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The Great Cocky Count - Black Cockatoos in Australia

By Edited May 14, 2016 0 0

Red- and White-Tailed Cockatoos of Western Australia

On the Swan Coastal Plain area in Western Australia, over 1000 volunteers recently took on the task of counting Carnaby's black cockatoos. Dozens of roosting sites were monitored by the volunteers. The regular count takes in areas from Moore River in the north, east to York and south to Yalgorup.

Western Australia is home to several black cockatoo species. Carnaby's black cockatoo (Calyptorhynchus latirostris) is one of two species of white-tailed black cockatoos. Together with the Forest Red-Tail black cockatoo, these species are not found anywhere else in Australia or the world.

Carnaby's and Baudin's black cockatoos are very similar.

Baudin's black cockatoo is also known as the long-billed black cockatoo (Calyptorhynchus baudinii). It gets its name from Baudin, a French explorer who landed on the south coast of Western Australia. It has white tail panels and white patches on the cheeks. It is a large bird, from 53 to 58 cm long. The grey-black plumage has a narrow off-white edging giving a scalloped effect. Short, erectile feathers from a crest on top of the head and light-coloured feathers cover the ears. The beak is strong and curved, but longer, finer and more tapered on the upper part than that of Carnaby's cockatoo. The fine point on the beak enables the Baudin's to prise open the gumnuts of the marri or redgum tree.

Short-billed black cockatoo

Carnaby's black cockatoo

Baudin's black cockatoo prefers wetter, more heavily-treed areas of the extreme south-west. It is also a pest in the fruit orchards of the region. Some years back a bounty was paid on birds shot in orchards but the wheel has turned full circle and the species are now protected. Orchardists are restricted to protecting their crops using scare tactics and harassment techniques such as gas guns. The effectiveness of such procedures are of limited use. Like the Carnaby's, Baudin's is gregarious. Large, raucous groups travel together to the feeding sites. This species (Baudin's) is listed as vulnerable.

The forest red-tailed black cockatoo (Calyptorhynchus banksii naso) is a subspecies and is endemic to the south-west corner of Western Australia between Perth and Albany. It is regarded as threatened. The genus name means 'hidden beak' - 'calypto' 'hidden' and 'rhynchus' 'beak'. This term comes from the bird's ability to fluff up the feathers round the beak concealing it from view. The bird is a glossy black with a vibrant orange-red stripe towards the end of the tail. When spreading the tail for landing, the red feathers look like brake lights. The head and wing coverts have yellow spots and there are orange-yellow bars on the belly. There are also narrow bands on the undertail coverts. The red-tailed black cockatoo has an integral place in many indigenous dreamtime fables of the indigenous people.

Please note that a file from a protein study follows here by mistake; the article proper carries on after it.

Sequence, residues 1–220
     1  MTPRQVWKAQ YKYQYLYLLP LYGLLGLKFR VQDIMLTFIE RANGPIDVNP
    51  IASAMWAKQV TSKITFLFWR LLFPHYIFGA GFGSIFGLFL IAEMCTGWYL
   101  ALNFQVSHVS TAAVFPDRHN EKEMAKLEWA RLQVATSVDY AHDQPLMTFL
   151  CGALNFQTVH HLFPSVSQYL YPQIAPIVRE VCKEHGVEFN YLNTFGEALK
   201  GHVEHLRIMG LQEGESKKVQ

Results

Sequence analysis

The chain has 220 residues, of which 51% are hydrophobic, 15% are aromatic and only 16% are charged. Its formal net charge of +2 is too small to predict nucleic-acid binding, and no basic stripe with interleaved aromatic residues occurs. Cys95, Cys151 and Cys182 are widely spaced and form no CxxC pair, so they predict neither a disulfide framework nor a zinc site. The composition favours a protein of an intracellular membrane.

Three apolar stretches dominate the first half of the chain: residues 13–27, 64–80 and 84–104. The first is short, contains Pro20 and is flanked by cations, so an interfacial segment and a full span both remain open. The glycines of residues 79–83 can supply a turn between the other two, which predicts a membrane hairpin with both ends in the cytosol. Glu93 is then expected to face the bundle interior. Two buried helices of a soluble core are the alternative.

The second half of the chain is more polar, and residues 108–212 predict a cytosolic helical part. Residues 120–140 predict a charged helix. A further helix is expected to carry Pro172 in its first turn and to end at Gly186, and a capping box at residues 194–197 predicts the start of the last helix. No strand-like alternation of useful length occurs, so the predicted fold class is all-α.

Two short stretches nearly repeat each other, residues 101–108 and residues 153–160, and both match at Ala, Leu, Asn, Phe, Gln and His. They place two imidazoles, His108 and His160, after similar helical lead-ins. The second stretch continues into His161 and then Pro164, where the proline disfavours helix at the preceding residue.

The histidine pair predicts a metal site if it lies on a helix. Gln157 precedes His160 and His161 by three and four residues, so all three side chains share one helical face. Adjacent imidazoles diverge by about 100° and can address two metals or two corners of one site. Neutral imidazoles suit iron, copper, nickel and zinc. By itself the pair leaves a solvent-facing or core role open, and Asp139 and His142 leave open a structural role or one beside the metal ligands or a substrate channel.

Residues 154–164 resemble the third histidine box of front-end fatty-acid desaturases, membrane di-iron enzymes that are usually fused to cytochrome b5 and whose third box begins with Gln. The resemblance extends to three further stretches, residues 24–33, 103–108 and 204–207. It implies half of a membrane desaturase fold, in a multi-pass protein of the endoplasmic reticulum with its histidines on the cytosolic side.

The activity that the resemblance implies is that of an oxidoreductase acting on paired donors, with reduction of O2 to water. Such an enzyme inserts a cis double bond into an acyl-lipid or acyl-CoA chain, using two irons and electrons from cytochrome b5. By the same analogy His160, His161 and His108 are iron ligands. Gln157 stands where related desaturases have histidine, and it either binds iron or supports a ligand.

Red-tailed black cockatoo

Red-tailed black cockatoo

Carnaby's is very similar in appearance to the Baudin's but has a shorter, broader beak and a shorter call. It is sometimes known as the short-billed black cockatoo. Seeds of proteaceous (evergreen shrubs) species such as grevilleas, hakeas and banksias make up the major part of the diet although they also eat the seeds from eucalyptus and corymbia species as well as those of sheoak, wattle and grasstrees. The seed pods are normally broken open while the birds are perched in the trees but they also forage on the ground. A group of feeding cockatoos can leave a great collection of nipped-off twigs, small branches and seed pods under a tree.

Part of the survival problem for the Carnaby's cockatoo is the need for two different habitat types. The birds nest in salmon gum or wandoo hollows but feed in adjacent shrubland. If the two are too distant, the birds don't have a very successful breeding pattern. The nesting hollows are generally 2 to 10 metres above the ground and 0.25 to 6 metres deep. Holes of these dimensions are found only in very old trees.

Pairs mate for life and congregate in small flocks during the breeding season, coming together into larger groups when leaving for the feeding areas. The mortality rate is very high

Carnaby's cockatoo was once widespread throughout the southern part of the state. Numbers have dropped since the late 1940s when land clearing, introduced species and illegal poaching have seen numbers slashed by half. The species is now listed as 'rare or likely to be extinct'. When the figures were collated this year, numbers were well down. In 2010, 5,058 birds were counted compared with 3,402 in 2011.

It is alleged that land clearing is the main reason for the latest drop in numbers. Figures from the WA Local Government's Perth Biodiversity Project showed that, between 2001 and 2009, over 6800 hectares of bush was cleared in the metropolitan area. Urban development was responsible for the destruction of huge areas of habitat. Over 8000 hectares of potential habitat around Perth has been zoned urban, urban deferred or industrial. This area is under direct threat of clearing and development.

The Great Cocky Count was a joint venture between the Department of Environment and Conservation and Birds Australia.

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